Are we finally smart enough to learn from the gloomy octopus?

Test octopus responding to stimulus. See blog for link to videos.

The octopus is a fascinating creature and probably the smartest invertebrate known. It has an extremely well developed visual system with high acuity, and although it cannot distinguish color, it can see polarized light. Scientists have proposed that octopuses communicate with each other by polarizing the light that reflects from their scales, creating a messaging system that could not be observed, much less understood by other creatures in their realm who have much less sophisticated visual systems (1).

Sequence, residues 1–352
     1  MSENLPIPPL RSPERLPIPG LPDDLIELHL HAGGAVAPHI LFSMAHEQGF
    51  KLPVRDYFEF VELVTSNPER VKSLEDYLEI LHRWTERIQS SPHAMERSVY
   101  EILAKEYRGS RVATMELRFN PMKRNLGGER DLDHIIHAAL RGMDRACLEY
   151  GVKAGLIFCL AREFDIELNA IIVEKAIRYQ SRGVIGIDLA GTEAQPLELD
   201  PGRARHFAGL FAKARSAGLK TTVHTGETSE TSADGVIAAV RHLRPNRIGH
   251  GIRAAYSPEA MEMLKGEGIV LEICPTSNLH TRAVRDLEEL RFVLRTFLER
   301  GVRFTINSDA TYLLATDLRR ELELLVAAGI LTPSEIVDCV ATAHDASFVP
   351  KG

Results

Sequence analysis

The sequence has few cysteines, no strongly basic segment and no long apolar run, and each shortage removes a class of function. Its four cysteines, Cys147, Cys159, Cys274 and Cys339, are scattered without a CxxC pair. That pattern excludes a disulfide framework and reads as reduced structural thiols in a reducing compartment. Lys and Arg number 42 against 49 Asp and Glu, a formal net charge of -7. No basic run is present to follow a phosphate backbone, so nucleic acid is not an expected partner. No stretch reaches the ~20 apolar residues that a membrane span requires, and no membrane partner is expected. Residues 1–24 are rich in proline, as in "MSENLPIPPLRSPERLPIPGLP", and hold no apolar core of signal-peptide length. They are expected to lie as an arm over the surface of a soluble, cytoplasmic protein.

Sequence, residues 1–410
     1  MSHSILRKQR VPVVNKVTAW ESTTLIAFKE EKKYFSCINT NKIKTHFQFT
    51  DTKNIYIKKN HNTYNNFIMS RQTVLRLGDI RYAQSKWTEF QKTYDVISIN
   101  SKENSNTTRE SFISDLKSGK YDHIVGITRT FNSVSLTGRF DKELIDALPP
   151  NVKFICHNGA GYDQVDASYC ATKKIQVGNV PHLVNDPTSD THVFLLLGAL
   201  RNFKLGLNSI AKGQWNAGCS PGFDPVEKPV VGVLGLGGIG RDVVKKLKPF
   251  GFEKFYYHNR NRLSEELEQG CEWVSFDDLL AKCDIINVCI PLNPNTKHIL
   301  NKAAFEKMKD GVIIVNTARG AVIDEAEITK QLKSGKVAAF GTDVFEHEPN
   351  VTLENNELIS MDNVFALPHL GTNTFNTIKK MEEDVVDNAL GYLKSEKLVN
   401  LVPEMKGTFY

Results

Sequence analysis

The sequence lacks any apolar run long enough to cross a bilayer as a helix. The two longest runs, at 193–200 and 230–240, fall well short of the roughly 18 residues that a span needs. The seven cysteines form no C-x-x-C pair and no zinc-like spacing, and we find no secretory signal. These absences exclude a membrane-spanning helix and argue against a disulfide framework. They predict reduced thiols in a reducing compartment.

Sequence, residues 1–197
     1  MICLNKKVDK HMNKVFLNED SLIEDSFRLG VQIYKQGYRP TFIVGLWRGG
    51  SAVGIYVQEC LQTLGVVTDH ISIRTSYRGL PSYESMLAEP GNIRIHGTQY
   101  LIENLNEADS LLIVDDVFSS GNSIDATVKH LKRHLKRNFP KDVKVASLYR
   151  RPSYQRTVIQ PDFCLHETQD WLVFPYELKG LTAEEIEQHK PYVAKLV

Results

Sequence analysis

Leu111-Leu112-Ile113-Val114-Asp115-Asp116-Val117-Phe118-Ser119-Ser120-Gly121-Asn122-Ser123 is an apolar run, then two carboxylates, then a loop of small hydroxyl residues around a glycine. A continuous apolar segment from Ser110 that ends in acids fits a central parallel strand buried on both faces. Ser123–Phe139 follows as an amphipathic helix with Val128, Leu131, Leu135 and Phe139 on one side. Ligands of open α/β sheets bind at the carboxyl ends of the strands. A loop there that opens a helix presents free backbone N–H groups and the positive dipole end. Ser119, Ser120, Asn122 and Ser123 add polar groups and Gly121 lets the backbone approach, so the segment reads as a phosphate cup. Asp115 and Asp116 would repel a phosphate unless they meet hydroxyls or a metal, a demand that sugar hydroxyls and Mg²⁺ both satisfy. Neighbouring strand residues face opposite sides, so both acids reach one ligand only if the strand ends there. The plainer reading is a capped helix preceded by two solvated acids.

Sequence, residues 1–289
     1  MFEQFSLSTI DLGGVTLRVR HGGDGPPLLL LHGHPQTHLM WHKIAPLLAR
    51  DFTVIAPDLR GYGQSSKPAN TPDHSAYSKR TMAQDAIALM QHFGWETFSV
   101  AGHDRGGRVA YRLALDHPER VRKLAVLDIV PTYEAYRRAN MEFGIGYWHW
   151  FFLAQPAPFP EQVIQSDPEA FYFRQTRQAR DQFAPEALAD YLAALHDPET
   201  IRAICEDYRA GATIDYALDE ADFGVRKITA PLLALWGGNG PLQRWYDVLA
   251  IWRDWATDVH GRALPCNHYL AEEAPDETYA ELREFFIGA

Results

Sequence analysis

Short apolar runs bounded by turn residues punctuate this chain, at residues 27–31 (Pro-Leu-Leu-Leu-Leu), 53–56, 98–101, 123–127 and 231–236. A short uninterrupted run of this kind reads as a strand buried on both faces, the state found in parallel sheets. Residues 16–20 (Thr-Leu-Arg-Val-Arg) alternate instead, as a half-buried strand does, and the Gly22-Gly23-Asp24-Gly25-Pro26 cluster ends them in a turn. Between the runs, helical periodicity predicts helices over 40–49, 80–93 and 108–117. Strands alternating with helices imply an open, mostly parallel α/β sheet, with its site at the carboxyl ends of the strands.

Many animals rely on visual stimuli for recognizing predators, food and other members of their species. And scientists have used pictures, models and videos to attempt to understand how visual cues affect animal behavior. Pictures and models lack the movement aspect of live stimuli, so video playback presents the best, controllable method, for presenting visual stimuli. However, video has been designed for the human visual system, not that of the octopus, and until recently no video study has managed to elicit a biologically appropriate response from cephalopods (octopus, cuttlefish or squid). Continue reading “Are we finally smart enough to learn from the gloomy octopus?”